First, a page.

Maintaining a website is a lot like maintaining a well-organized and clean living space. It requires time and energy, but it ensures visitors will want to hang out for a while and visit again.
I mean, you wouldn’t want someone to visit your home to discover dirty dishes in the sink, overflowing garbage cans, and that dead body in the corner.
Likewise, you don’t want someone to visit your website to discover it takes a long time to load, there are broken links everywhere, and your comments section is littered with spam.
Keeping your WordPress site in tip-top shape is essential for delivering the best user experience and ensuring lightning-fast performance.
In this guide, you’ll discover how to clean up your WordPress site as well as how to avoid clutter in the future.
The Importance of Cleaning Up Your Site
When you first install WordPress and start building your site, it will be pretty lean. As you build, however, you’ll probably add new content, plugins, themes, and custom code.
All of this adds up and causes your site to grow in size. If you’re not mindful of how your site is growing, you may find that your website has become cluttered with unnecessary plugins, old themes you don’t use anymore, and broken code. All of this can negatively impact the performance of your website, the user experience of visiting your site, and the visibility of your site across search engines.
This is why it’s a good idea to clean up your site every now and then.
How often you spend time cleaning up your website is up to you. It doesn’t have to be a major chore you do once a year. The more aware of website clutter you are, the more likely you will be to nip it in the bud and protect your website from things that negatively impact performance.
I find that spending a little time each month helps reduce the time it takes to clean up my websites. To make cleanup even easier, I use WP Rocket to clear a lot of clutter automatically in the background. I also use Flywheel, which is WordPress-specific hosting that handles all the technical bits and bobs of running a site on WordPress.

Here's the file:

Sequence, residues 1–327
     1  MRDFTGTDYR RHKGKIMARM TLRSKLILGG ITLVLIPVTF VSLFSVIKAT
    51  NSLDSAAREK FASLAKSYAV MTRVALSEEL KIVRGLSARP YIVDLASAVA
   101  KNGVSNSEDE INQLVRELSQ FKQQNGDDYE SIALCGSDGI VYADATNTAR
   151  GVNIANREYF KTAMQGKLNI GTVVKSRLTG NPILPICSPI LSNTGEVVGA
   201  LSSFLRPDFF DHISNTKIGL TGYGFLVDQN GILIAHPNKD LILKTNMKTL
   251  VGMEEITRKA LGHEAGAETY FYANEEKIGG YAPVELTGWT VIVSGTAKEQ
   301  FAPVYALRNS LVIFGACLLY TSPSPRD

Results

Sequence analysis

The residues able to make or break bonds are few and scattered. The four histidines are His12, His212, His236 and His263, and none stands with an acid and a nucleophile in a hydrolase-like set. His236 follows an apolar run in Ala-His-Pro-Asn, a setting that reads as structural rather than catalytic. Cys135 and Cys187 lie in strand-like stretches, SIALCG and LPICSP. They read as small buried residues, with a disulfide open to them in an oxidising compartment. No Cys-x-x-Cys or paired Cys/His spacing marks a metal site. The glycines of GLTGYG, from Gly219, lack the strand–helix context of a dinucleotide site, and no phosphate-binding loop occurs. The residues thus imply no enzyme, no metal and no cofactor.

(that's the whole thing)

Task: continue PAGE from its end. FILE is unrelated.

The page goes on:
12 Ways to Clean Up Your WordPress Website
Now that you know cleanup is important, we can dive into how to clean up a WordPress website. The following steps will reveal what you can do to declutter your site in a way that helps improve the performance and user experience of your site
Here are 12 ways to clean up your WordPress website:
1. Remove plugins and themes you’re not using
One of the reasons WordPress powers 43% of the web is it makes it super easy and fun to customize your website. You can find and add a plugin for just about everything, from nifty little social buttons to powerful caching tools. Similarly, you can find countless free and premium themes to use for the design of your website, from personal blog themes to ecommerce themes.
Over time, you’ll probably try a bunch of plugins and maybe switch themes to refresh the design of your website. This is all good, but you should be sure to deactivate and uninstall the plugins and themes you’re no longer using. This will ensure plugins aren’t running in the background, which can tax the performance of your website, avoid plugin conflicts, and ensure your website is safe and secure from hackers.
By eliminating unnecessary elements, you lower the risk of potential attacks, avoid compatibility issues with other plugins or themes, and decrease your site’s load time, resulting in a better user experience.
Deactivate and delete unused plugins:
- Log in to your WordPress dashboard.
- Navigate to the “Plugins” menu and click on “Installed Plugins.”
- Identify the plugins you no longer need and click “Deactivate.”
- Once deactivated, you can delete the plugin by clicking “Delete.”
Remove unused themes:
- From your WordPress dashboard, go to the “Appearance” menu and click on “Themes.”
- Identify the themes you no longer need, making sure to keep the currently active theme and a default WordPress theme as a backup.
- Click on the thumbnail of the unused theme, and then click the “Delete” button in the bottom right corner.
This is something you should do every time you deactivate a plugin you no longer need. Doing so will ensure your website is safe from attack and optimized for max performance.
2. Keep everything updated
Keeping your WordPress website up-to-date is crucial for maintaining optimal performance, security, and functionality.